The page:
That member governments shall respect and promote the right of the child to participate fully in cultural and artistic life and shall encourage the provision of appropriate and equal opportunities for cultural, artistic, recreational and leisure activity.”
Whenever you watch a child at play you can see total immersion to the world that they are currently occupying. They have the freedom to be whoever or whatever they choose to be. Much of the evidence from neuroscience suggests that, rather than developing specific skills that may be needed later in adult life, playing is a way of building and shaping the regions of the brain that are concerned with emotion, motivation and reward, and developing a range of flexible responses across a number of adaptive systems that link the brain, the body and the social and physical environment (Burghardt 2005). In addition to this vital process for brain development, play also has a significant part to play in more physical development of the fine and gross motor skills.
Within the play-based learning environment, young children will have many different ways of representing their thoughts and feelings. Some will choose music, dance or song, others will prefer to tell stories through role-play, drama or using small world resources, but at some point most children will be naturally drawn to represent their ideas through ‘mark-making’.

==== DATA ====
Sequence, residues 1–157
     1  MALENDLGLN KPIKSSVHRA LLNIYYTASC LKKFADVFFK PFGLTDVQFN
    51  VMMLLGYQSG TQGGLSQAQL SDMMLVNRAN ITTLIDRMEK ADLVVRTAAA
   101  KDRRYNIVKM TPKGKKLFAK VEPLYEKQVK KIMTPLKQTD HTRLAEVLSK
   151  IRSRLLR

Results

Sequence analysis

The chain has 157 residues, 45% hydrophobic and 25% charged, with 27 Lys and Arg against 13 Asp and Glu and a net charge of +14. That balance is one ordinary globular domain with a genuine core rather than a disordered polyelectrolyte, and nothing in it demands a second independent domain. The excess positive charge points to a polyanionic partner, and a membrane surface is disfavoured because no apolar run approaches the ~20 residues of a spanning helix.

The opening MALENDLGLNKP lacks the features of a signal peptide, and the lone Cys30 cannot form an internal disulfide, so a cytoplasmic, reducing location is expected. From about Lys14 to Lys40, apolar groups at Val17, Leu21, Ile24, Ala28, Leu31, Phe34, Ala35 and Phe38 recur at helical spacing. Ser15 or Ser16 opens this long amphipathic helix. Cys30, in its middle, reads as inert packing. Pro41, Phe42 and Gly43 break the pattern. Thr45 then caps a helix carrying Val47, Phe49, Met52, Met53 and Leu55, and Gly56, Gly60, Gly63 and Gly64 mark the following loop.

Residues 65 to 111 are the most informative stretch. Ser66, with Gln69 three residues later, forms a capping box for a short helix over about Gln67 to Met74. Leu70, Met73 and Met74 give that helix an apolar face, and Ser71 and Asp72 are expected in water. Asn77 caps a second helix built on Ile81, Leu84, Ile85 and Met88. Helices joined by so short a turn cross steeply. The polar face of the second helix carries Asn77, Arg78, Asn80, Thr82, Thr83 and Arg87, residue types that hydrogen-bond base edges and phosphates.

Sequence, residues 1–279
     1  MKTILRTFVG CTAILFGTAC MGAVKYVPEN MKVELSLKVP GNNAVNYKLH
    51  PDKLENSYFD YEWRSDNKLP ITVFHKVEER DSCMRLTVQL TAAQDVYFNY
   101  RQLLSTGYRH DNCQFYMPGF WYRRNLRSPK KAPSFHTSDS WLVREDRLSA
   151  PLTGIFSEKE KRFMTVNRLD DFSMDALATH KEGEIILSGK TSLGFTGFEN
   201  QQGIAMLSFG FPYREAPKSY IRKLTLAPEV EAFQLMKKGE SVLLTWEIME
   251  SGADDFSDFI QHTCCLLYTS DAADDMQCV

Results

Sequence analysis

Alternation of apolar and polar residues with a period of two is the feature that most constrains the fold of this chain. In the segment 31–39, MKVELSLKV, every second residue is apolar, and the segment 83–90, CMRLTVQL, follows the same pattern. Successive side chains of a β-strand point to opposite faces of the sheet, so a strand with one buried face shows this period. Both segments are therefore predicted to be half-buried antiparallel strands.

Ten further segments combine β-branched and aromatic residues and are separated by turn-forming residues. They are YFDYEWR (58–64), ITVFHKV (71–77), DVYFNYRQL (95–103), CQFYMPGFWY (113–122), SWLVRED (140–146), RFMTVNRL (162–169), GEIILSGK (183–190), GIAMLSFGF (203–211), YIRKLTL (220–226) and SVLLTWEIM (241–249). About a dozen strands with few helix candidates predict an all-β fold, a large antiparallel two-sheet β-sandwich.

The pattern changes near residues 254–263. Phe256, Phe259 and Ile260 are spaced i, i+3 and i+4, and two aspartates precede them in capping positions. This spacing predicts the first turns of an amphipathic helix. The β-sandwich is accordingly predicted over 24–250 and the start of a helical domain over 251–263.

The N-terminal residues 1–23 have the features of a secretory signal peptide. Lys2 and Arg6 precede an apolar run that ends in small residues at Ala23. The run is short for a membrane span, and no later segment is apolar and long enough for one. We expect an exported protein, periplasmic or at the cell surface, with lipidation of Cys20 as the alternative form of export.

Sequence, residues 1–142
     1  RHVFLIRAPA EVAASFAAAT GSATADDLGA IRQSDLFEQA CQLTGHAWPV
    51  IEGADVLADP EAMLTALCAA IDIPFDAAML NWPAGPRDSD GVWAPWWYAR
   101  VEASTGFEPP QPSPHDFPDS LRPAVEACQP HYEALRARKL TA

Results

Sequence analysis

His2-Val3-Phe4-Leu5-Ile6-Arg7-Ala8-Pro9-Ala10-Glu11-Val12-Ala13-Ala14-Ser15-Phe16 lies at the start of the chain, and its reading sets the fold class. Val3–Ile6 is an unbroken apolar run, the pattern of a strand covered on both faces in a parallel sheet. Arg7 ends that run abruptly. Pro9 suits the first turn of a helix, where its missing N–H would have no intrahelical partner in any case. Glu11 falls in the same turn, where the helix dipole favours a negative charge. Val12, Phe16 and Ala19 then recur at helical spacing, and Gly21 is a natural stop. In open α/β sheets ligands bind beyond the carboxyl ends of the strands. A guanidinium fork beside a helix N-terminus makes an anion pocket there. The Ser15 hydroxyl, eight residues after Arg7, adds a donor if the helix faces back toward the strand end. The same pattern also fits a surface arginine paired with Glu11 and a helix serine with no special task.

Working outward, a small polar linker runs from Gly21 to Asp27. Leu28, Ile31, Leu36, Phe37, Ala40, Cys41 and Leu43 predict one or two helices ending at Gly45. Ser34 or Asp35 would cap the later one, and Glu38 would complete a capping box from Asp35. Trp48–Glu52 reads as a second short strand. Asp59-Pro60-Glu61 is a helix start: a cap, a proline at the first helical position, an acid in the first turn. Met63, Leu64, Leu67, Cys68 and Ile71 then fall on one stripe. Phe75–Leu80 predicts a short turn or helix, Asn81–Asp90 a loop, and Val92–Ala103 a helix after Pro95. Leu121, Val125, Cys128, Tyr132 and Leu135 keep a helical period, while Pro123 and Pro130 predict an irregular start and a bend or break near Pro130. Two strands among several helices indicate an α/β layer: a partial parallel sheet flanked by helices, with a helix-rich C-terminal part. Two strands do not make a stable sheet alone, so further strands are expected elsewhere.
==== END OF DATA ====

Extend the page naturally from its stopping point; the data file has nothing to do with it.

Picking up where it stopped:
Before children even learn to hold a pen they begin to explore ‘mark making’ through a range of play based activities. Children prefer dough, fingerpaints, building blocks and threading activities for a long time before becoming really capable or interested in pen/ tool focused handwriting practice. Within this broader play-based learning we can see the development and refinement of the fine motor skills, hand-eye coordination, core body strength and postural control, which is required for the more precise skills and dexterity of drawing and handwriting.
A very clear example of children only being able to do what they can at the appropriate age and why nurturing the whole body and not focusing in on the tool, the pen or pencil, is so important is from Ruth Swailes, a UK School Improvement Advisor recently shared insightful x-rays of a child's hands at approximately 7 years old in comparison to x-rays from a 5 year old child during the Early Years Foundation Stage. As an image, it prompts us to think about handwriting and handwriting development occurring “in an age-appropriate way, matched to children’s physical development.”